Follow @neilsteinbergYou don’t need to speak the language to have your attention snagged by the April issue of the Italian edition of Rolling Stone magazine.
The cover is a fashion shot of Paralympic fencing champion Bebe Vio, dressed in Dior, her dark brown hair short, her deep blue eyes staring straight at the camera. The scars on her face are concealed by makeup, but those on the stump of her right arm are on display as her left prosthetic hand points directly at the viewer.
“Vaccinatevi!” the headline reads.
In English, “Vaccinate!”
It’s tempting to think of resistance to vaccination as being a particularly American form of selfish ignorance, like belief in healing crystals or denial of climate change. But the phenomenon is, sadly, global. While some 380,000 people die each year of meningitis, mostly in Africa and other underdeveloped regions, a significant number of parents in supposedly developed countries still resist vaccinating their children. Italian Rolling Stone calls it a “real civil battle” and Vio, 20, is their poster child in the fight.
Born in Venice, Vio was 11 when she contracted meningitis — the Centers for Disease Control suggests children of 11 or 12 get inoculated against the disease, with a booster shot at 16.
Follow @neilsteinbergMeningitisis complicated; usually an infection of the brain and spinal cord caused by both viruses and bacteria.Vio got a virulent, flesh-eating form of the disease that cost her both legs to the knee and both arms to the elbow.
In a way she was lucky: 90 percent of those who get that type of meningitis die. Some lose their jaws or their eyelids.
But Vio survived. When she presented herself to the coach of the Italian Paralympic fencing team, she was told she couldn’t train. She replied, “Why?” Vio became the only quadruple amputee Paralympic fencer, taking a bronze in London in 2012 and individual gold in Rio.
Last year she posed for noted child photographer Anne Geddes — known for her oh-so-cute photos of babies sleeping, peas ina pod. Vio was portrayedwithout any prosthetics, holding an infant in front of an Italian flag, a stark portrait of the chances anti-vax parents take.
“I know how my parents suffered,” she told Rolling Stone. “So I say to every mother: Vaccinate your child, not for himself, but for yourself. Do you really want to suffer so much? If thepopulation was vaccinated, meningitis would be eradicated. How can you not want it? How?”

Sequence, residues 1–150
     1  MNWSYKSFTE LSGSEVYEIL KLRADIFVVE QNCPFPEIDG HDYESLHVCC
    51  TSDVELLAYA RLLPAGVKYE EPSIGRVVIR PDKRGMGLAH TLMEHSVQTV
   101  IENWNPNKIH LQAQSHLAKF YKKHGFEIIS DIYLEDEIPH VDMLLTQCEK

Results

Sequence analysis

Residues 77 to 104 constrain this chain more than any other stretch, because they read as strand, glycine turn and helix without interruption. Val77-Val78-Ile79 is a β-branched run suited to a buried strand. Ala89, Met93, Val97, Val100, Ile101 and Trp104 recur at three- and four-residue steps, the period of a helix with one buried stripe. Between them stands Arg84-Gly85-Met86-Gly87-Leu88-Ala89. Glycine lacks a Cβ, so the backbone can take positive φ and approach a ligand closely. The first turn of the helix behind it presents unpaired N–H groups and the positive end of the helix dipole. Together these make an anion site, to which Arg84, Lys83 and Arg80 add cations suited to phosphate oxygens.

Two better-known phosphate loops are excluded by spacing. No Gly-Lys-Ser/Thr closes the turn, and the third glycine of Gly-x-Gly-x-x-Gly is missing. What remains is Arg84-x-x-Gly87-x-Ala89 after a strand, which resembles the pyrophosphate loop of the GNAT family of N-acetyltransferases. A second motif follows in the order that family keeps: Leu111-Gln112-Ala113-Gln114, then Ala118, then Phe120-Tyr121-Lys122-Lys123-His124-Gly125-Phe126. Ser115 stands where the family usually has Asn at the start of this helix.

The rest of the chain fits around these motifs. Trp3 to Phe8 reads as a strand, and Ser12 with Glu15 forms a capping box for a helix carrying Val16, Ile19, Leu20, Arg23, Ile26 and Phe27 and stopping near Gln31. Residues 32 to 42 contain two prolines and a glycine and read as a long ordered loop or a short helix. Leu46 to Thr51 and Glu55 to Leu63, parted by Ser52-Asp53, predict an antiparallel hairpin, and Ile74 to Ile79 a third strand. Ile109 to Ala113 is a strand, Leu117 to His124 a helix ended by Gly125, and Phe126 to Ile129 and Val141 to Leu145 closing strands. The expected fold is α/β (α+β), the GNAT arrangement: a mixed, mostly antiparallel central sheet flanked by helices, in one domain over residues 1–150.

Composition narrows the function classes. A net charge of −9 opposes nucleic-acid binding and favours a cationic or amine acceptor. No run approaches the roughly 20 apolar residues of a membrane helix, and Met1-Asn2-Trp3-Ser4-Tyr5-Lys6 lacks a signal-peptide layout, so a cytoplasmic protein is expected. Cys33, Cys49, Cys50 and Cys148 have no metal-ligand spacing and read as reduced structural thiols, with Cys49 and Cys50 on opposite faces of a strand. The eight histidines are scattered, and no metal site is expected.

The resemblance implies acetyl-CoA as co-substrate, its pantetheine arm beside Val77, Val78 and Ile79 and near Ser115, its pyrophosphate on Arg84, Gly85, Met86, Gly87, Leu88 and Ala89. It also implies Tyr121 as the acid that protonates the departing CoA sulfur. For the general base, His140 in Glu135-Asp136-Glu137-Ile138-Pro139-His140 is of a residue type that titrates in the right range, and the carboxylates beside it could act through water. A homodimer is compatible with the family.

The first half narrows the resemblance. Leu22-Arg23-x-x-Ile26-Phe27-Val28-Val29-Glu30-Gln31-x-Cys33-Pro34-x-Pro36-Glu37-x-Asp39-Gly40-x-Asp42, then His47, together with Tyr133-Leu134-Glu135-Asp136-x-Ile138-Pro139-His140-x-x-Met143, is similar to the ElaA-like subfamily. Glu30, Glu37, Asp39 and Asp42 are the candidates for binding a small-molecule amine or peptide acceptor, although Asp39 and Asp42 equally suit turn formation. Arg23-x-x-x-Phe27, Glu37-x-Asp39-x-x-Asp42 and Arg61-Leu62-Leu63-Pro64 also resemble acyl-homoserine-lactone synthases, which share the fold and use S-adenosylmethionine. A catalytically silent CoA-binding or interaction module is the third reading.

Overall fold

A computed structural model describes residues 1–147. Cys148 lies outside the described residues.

I’ll answer that. First, because people don’t know history, don’t realize the enormity of illness, death, disability and sorrow once cut by diseases like polio, smallpox, mumps, rubella, whooping cough, scarlet fever. Before the vaccine was introduced in 1967, a half a million children in the United States got measles every year. All they know is that science is scary, experts are bad, and the state wants to inject something into their innocent baby. That’s practically totalitarianism — though the U.S. Supreme Court ruled long ago that the government has a perfect right to protect public health by requiring vaccination.
Second, they are perfectly happy to ride on the coattails of the parents who dovaccinate their kids. Let them assume the minuscule risk. And since the anti-science ignorance of the right is so frequently remarked upon here — that’s what brought scientists into the street in Chicago and nationwide over the weekend — I feel obligated to mention that anti-vaccination, like irrational fear of GMOs, is a particularly left-wing affliction.
There is without question a slight, 1-in-10 million risk when kids get vaccinated, the way that all human activities carry risk. Track meets are not considered particularly hazardous, but a Wheaton College freshman died over the weekend, hit by a hammer throw. To decline vaccination out of safety concerns is like not letting your children go outside for the same reason: bad for your kids, bad for your community, bad for you. Yet people do it.
Anyway, Bebe Vio’s story has never appeared in an American newspaper before, and I thought you should meet her.